Surface and Interface Defects can Control Bulk Doping in Polycrystalline Pb-Halide Perovskites
david cahen a, antoine kahn b
a Dept. of Molecular Chemistry and Materials Science, Weizmann Institute of Science, Rehovot, 7610015, Israel
b Department of Electrical and Computer Engineering, Princeton University, Princeton, NJ 08544, United States
Invited Speaker Session, david cahen, presentation 099
Publication date: 6th February 2024

Doping, controlled “electronic contamination” of semiconductors, allows to regulate the electronic behavior inside the semiconductor. Metal halide perovskite (HaP) materials, the functional materials of several types of optoelectronic devices, challenge our understanding of semiconductors. We show that, for HaPs, the control of doping type and density and properties derived from these is, to a first approximation, via their surfaces (some of which will become part of their interfaces with electrodes), i.e., defects with energy levels within the bandgap (EG). These defects can impact and even dominate bulk electrical and electronic HaP properties and, ultimately, the device performance.

While such effect can be relevant to all semiconductors, it is dominant in HaPs because of their intrinsically low densities of electrically active bulk and surface defects. Even for most polycrystalline (< 1 mm grain diameter) thin HaP films, the volume carrier densities (cm-3) deduced from experiments are below those that result if even < 0.1% of surface sites function as electrically active defects (for the bulk grain). A direct implication is that interface defects will control HaP-based devices, as those consist of multi-layered polycrystalline structures with two interfaces with the HaP layer, where the action is. While surface/interface passivation effects on bulk electrical properties are relevant to all semiconductors and have been crucial for developing each current semiconductor technology, they are even more important for HaPs because bulk doping at electronics-relevant densities has turned out to be so difficult, certainly by established methods.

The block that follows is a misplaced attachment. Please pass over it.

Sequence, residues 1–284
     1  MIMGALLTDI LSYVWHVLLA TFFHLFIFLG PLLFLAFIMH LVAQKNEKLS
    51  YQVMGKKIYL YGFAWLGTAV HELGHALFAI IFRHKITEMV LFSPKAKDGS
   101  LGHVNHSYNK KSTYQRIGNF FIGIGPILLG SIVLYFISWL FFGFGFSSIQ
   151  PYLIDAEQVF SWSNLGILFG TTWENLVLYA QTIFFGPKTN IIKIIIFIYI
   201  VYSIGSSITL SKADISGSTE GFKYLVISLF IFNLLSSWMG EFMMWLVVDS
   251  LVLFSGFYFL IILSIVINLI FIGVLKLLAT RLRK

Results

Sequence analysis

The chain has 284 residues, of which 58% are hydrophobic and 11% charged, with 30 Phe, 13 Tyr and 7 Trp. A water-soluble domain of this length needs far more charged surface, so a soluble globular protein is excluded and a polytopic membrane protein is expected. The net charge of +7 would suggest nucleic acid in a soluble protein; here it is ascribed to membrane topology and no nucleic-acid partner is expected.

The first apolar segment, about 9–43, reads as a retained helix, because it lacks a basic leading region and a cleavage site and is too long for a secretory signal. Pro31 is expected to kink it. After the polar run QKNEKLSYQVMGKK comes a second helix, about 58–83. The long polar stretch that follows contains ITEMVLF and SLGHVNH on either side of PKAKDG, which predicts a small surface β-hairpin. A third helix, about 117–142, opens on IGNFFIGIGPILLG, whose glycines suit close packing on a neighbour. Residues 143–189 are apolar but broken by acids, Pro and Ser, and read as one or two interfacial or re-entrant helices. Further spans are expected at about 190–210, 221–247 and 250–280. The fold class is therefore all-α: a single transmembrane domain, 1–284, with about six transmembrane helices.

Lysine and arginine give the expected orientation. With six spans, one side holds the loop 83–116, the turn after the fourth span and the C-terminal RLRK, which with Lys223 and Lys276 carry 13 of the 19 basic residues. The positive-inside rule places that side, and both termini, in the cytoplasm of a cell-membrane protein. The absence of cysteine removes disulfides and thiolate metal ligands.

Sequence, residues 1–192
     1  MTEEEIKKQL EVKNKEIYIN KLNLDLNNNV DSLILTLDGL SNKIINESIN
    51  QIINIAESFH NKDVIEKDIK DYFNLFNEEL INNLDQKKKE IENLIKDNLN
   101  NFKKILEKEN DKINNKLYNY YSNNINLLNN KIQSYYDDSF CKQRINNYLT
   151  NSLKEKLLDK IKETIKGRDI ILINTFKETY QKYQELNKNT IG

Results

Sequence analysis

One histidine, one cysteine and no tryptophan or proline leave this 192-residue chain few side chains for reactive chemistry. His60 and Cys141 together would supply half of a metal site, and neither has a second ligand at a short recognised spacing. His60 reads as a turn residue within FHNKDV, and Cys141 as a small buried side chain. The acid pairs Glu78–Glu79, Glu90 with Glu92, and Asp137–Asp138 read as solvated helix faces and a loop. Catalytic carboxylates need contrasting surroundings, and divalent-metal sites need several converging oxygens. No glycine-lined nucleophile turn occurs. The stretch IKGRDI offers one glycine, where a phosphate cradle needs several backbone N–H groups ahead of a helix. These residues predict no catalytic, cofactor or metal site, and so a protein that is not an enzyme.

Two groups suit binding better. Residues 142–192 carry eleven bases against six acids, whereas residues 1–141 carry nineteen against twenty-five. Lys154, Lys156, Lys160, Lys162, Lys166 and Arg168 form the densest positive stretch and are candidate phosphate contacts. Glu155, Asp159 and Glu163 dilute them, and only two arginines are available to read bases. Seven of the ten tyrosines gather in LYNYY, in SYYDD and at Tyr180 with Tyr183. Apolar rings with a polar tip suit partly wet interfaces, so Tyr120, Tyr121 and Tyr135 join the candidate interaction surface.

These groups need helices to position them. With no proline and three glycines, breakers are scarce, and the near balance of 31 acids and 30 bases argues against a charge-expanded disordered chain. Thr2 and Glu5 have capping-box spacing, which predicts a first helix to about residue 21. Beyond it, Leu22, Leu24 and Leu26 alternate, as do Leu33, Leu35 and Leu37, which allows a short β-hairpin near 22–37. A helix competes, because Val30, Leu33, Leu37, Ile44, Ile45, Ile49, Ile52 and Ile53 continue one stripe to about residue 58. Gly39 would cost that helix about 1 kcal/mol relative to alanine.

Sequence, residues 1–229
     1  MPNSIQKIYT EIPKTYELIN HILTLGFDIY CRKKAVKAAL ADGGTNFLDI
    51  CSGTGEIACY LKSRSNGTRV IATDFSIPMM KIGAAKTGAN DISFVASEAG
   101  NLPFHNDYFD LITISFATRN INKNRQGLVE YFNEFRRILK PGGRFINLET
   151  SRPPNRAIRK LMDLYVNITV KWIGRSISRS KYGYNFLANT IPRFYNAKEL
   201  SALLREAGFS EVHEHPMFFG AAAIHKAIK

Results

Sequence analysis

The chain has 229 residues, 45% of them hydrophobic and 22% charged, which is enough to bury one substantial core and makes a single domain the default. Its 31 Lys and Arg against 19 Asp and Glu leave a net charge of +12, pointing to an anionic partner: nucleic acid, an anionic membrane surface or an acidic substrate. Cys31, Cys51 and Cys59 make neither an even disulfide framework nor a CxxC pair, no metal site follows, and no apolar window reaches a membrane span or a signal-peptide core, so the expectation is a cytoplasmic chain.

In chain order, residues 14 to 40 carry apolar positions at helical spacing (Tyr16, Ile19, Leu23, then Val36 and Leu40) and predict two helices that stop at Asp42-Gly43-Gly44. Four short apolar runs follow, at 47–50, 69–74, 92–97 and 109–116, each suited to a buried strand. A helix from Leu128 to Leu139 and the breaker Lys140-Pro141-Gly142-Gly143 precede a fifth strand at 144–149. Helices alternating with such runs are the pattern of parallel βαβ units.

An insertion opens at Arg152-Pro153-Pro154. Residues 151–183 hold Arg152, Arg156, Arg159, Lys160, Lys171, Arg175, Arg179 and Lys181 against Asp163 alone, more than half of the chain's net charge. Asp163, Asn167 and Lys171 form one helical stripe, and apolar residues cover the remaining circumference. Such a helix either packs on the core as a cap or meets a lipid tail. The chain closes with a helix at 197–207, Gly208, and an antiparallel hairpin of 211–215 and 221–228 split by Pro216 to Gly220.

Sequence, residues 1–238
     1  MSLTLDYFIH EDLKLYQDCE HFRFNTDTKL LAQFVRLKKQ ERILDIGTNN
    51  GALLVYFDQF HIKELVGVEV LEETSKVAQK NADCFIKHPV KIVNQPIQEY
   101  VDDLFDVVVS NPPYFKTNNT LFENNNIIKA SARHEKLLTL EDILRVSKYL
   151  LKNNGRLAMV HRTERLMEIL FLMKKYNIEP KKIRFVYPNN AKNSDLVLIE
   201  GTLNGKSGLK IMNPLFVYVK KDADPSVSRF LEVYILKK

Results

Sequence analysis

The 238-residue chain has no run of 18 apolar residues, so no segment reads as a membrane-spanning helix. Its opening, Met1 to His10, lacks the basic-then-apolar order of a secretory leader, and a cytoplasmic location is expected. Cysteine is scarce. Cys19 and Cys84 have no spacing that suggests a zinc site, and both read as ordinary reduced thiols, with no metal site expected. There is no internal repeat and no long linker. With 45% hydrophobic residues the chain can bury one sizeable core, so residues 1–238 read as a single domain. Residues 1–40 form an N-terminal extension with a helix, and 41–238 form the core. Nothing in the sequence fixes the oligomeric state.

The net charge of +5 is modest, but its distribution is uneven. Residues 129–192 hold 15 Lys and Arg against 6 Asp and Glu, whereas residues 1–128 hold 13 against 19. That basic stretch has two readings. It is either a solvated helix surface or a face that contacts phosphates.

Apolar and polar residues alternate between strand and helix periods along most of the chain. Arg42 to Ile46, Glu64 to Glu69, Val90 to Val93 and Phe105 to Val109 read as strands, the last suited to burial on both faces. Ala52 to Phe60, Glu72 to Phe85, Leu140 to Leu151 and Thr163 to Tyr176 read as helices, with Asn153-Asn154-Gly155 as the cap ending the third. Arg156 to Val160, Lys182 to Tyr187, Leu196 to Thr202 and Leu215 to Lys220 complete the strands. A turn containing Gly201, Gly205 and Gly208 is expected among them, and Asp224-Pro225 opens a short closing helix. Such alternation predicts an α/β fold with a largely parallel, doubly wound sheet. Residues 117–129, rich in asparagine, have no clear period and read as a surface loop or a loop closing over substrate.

We thank Yevgeny Rakita for stimulating, fruitful discussions.  At the Weizmann Institute of Science (DC) the work received support from the Minerva Centre for Self-Repairing Systems for Energy & Sustainability and the Sustainability and Energy Research Initiative, SAERI.


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